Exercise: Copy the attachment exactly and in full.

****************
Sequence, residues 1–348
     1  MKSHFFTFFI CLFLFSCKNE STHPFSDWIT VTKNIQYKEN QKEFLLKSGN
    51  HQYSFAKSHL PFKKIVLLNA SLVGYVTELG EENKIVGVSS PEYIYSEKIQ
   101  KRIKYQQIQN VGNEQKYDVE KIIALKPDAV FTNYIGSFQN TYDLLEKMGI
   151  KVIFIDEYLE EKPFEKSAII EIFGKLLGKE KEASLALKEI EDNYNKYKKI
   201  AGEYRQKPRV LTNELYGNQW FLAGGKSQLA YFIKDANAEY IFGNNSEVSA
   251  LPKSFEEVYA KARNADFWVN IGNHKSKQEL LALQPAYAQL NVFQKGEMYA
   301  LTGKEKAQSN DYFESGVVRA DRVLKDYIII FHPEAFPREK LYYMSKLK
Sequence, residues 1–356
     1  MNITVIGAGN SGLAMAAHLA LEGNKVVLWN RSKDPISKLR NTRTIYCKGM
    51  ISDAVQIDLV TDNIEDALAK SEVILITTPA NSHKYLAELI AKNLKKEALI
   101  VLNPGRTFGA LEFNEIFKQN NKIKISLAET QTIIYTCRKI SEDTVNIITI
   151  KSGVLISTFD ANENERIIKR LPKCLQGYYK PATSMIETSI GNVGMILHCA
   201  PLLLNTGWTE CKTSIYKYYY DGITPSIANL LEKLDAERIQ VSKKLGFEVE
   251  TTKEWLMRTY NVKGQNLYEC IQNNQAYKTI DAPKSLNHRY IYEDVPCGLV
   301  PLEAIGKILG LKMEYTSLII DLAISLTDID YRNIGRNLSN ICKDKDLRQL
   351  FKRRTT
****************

Sequence, residues 1–348
     1  MKSHFFTFFI CLFLFSCKNE STHPFSDWIT VTKNIQYKEN QKEFLLKSGN
    51  HQYSFAKSHL PFKKIVLLNA SLVGYVTELG EENKIVGVSS PEYIYSEKIQ
   101  KRIKYQQIQN VGNEQKYDVE KIIALKPDAV FTNYIGSFQN TYDLLEKMGI
   151  KVIFIDEYLE EKPFEKSAII EIFGKLLGKE KEASLALKEI EDNYNKYKKI
   201  AGEYRQKPRV LTNELYGNQW FLAGGKSQLA YFIKDANAEY IFGNNSEVSA
   251  LPKSFEEVYA KARNADFWVN IGNHKSKQEL LALQPAYAQL NVFQKGEMYA
   301  LTGKEKAQSN DYFESGVVRA DRVLKDYIII FHPEAFPREK LYYMSKLK
Sequence, residues 1–356
     1  MNITVIGAGN SGLAMAAHLA LEGNKVVLWN RSKDPISKLR NTRTIYCKGM
    51  ISDAVQIDLV TDNIEDALAK SEVILITTPA NSHKYLAELI AKNLKKEALI
   101  VLNPGRTFGA LEFNEIFKQN NKIKISLAET QTIIYTCRKI SEDTVNIITI
   151  KSGVLISTFD ANENERIIKR LPKCLQGYYK PATSMIETSI GNVGMILHCA
   201  PLLLNTGWTE CKTSIYKYYY DGITPSIANL LEKLDAERIQ VSKKLGFEVE
   251  TTKEWLMRTY NVKGQNLYEC IQNNQAYKTI DAPKSLNHRY IYEDVPCGLV
   301  PLEAIGKILG LKMEYTSLII DLAISLTDID YRNIGRNLSN ICKDKDLRQL
   351  FKRRTT